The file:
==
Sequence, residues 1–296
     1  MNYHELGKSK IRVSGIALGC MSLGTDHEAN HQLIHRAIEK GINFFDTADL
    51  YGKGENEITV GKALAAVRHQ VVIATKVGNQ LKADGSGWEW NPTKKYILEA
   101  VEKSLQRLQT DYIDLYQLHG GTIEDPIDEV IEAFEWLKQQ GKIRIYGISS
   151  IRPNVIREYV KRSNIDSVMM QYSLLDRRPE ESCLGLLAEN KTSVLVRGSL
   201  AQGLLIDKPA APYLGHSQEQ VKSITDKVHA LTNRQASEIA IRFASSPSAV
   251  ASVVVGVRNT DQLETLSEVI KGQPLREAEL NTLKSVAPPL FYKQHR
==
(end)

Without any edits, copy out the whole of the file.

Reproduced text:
Sequence, residues 1–296
     1  MNYHELGKSK IRVSGIALGC MSLGTDHEAN HQLIHRAIEK GINFFDTADL
    51  YGKGENEITV GKALAAVRHQ VVIATKVGNQ LKADGSGWEW NPTKKYILEA
   101  VEKSLQRLQT DYIDLYQLHG GTIEDPIDEV IEAFEWLKQQ GKIRIYGISS
   151  IRPNVIREYV KRSNIDSVMM QYSLLDRRPE ESCLGLLAEN KTSVLVRGSL
   201  AQGLLIDKPA APYLGHSQEQ VKSITDKVHA LTNRQASEIA IRFASSPSAV
   251  ASVVVGVRNT DQLETLSEVI KGQPLREAEL NTLKSVAPPL FYKQHR